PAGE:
If there were awards given for most original adapted screenplay, Maze Runner: The Scorch Trials might be a contender. As far as I can tell, it’s one of the most loosely adapted works of all time. This isn’t a comment on quality or a review of the movie at all (we’ll have one of those later this week), just an observation. One that fits into my thinking lately that the Academy might need to eventually expand its definition of “original.”
Plot-wise, The Scorch Trials actually shares a lot in common with another imaginative sequel released this year, Mad Max: Fury Road. Some people escape a compound, head out into the desert and eventually seek a kind of sanctuary. Aside from involving a simple, familiar foundation of a narrative and featuring a single character (and his car) linking it to a series of movies from 30–36 years ago, Fury Road remains one of the more creative pieces of cinema in 2015.
Had Fury Road just gone by its subtitle and renamed its male lead, I think it’d have a shot at being one of the rare summer blockbusters to be nominated for the Oscar for Best Original Screenplay, and the first since Inception five years ago. Why should it be deemed an unoriginal work? Written by George Miller, Brendan McCarthy and Nick Lathouris, it’s an original continuation of an original movie, not really adapted from anything. It’s more originally conceived than all the nominees based on true stories.
Unfortunately, this is the way sequels are viewed, and unfortunately there’s way too much competition in the Best Adapted Screenplay category. If they aren’t adapted from sequel books (such as The Color of Money, The Silence of the Lambs and The Lord of the Rings: The Return of the King), sequel films are typically screwed when it comes to the Academy Awards. However, we have been seeing them make appearances in recent years in the adapted category, including Toy Story 3 and Before Midnight.
Fury Road is appearing on some Oscar bloggers’ adapted screenplay prognostication lists, but it’s hardly one of the favored picks. Same goes for Star Wars: The Force Awakens, a sequel to one of those rare blockbusters that were up for the original screenplay award. For all its secrecy, the plot of The Force Awakens better be as freshly written as the first Star Wars, but even if it’s indeed another masterpiece of space opera storytelling, it’s likely to suffer the same fate as The Empire Strikes Back before it and no screenplay recognition.
This year would have been a great time for the Academy to start openly allowing for sequels to be considered original works, not just because there are too many contenders for Best Adapted Screenplay but because the competition in the Best Original Screenplay category is looking very light. In a recent tweet, awards guru Kristopher Tapley called the category “jaw-droppingly thin” with “maybe 15 real contenders. Maybe.”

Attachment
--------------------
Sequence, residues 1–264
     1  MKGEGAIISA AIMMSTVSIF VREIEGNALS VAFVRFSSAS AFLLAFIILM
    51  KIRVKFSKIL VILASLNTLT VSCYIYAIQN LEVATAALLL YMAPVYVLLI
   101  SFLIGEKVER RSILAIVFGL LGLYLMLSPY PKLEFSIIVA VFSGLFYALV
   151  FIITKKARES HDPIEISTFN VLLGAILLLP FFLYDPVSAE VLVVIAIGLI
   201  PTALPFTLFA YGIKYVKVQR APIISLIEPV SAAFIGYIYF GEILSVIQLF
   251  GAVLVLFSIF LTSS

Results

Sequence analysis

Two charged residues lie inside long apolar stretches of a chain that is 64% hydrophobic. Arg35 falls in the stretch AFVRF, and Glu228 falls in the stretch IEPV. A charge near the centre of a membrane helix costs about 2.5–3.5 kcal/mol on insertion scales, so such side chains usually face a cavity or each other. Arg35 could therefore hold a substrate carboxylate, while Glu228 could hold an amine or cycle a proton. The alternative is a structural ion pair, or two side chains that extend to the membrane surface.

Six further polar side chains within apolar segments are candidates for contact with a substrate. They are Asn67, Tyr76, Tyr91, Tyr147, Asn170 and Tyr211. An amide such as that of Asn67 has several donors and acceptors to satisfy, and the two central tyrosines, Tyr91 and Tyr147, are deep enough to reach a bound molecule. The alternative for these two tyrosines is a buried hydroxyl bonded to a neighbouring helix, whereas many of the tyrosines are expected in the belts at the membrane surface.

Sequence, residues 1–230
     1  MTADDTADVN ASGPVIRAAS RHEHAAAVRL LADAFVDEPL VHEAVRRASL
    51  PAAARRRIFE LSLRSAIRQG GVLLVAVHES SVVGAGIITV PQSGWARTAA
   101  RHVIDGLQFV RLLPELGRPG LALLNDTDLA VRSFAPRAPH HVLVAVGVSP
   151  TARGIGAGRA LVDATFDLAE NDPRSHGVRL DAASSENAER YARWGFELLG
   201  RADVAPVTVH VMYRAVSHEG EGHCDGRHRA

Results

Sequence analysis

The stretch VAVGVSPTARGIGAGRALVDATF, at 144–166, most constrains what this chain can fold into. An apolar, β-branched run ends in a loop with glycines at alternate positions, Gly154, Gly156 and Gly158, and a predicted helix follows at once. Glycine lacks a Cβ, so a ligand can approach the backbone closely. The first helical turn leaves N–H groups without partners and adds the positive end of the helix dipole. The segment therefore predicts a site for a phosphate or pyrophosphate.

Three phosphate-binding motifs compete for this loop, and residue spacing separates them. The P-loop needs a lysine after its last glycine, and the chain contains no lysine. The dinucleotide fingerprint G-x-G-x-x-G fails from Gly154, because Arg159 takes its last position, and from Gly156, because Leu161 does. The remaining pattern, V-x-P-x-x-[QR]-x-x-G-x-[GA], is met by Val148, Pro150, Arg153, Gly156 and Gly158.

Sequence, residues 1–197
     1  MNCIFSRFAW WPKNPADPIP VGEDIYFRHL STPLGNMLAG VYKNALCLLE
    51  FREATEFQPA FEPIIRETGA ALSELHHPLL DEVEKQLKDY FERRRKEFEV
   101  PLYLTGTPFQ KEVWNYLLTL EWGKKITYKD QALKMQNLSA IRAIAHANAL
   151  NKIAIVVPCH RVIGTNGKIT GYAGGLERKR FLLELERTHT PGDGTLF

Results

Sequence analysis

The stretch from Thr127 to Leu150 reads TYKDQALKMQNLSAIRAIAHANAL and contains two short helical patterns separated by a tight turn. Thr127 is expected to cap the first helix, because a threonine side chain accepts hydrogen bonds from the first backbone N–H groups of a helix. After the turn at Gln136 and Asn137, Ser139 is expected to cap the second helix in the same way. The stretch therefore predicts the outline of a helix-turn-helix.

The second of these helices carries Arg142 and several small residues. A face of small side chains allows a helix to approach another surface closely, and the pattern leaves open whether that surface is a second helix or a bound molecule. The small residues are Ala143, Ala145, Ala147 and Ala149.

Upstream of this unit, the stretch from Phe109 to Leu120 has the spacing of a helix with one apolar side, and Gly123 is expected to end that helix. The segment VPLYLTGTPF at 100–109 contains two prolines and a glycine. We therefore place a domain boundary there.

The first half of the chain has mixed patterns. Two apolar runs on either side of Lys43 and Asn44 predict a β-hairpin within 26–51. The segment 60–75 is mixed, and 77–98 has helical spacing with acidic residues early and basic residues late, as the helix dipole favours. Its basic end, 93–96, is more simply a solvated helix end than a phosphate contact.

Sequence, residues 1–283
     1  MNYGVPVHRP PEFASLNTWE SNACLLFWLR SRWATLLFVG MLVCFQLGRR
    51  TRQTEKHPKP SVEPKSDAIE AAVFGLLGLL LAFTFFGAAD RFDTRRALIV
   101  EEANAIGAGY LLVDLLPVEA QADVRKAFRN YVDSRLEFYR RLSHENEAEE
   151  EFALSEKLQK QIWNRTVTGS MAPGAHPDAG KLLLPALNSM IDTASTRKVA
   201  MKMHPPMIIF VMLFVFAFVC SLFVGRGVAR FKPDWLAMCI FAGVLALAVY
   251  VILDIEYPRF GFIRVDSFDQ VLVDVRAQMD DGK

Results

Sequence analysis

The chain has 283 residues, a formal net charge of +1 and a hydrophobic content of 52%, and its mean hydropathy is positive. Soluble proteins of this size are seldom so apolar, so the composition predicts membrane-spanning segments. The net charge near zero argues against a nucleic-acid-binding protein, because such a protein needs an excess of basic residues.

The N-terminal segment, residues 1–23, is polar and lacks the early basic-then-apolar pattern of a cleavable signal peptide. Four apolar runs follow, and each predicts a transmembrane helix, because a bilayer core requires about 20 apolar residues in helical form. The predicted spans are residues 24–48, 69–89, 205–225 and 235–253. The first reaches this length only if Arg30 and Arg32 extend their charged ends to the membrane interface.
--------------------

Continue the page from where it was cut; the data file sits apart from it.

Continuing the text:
So far, from what’s been seen, the best bets are Inside Out, because Pixar is pretty obligatory, and Spotlight, which has actually sold itself as being based on a Pulitzer Prize-winning investigation. But not based on the words that investigation printed, so original. Of those unseen, The Hateful Eight and Joy are expected because Quentin Tarantino and David O. Russell have both become obligatory hopefuls, too. Fury Road could take the fifth slot.
The screenplay categories can often be confusing, as far as their rules are concerned. Or lack thereof. As already noted, sequels are supposed to be automatically considered adapted works. Yet before 2002, the Best Writing (Original Screenplay) award was called Best Writing (Screenplay Written Directly for the Screen), which would technically seem to mean a sequel would count. If any did, they still weren’t nominated (excluding Road to Utopia, which is part of a franchise but not really a sequel).
But a year after that change to the seemingly more limiting word choice, The Barbarian Invasions, officially a sequel to The Decline of the American Empire, was nominated in the original screenplay category. Then one year later, Before Sunset, a sequel to Before Sunrise, was nominated in the adapted category. I’ve seen this confusion explained by the fact that while involving the same characters by name, The Barbarian Invasions doesn’t really have anything to do with its predecessor. Isn’t Fury Road a similar exception?
Maybe the Academy needs to provide more definition to its screenplay categories. They could adapt the wording from the animated feature rules, which state that “a significant number of the major characters must be animated, and animation must figure in no less than 75 percent of the picture’s running time.” The original screenplay rule would be that “a significant number of the major characters must be original, and originality must figure in no less than 75 percent of the picture’s running time.”
Much of Fury Road’s originality could be nominated in other categories, such as those for production design, makeup and costumes. The movie even has a tiny bit of a shot at being nominated for Best Picture. But with Imperator Furiosa already going down as one of the most iconic movie characters since Darth Vader, it would be a shame if her creation receives less acknowledgment than that of “Crocodile” Dundee or Juno MacGuff.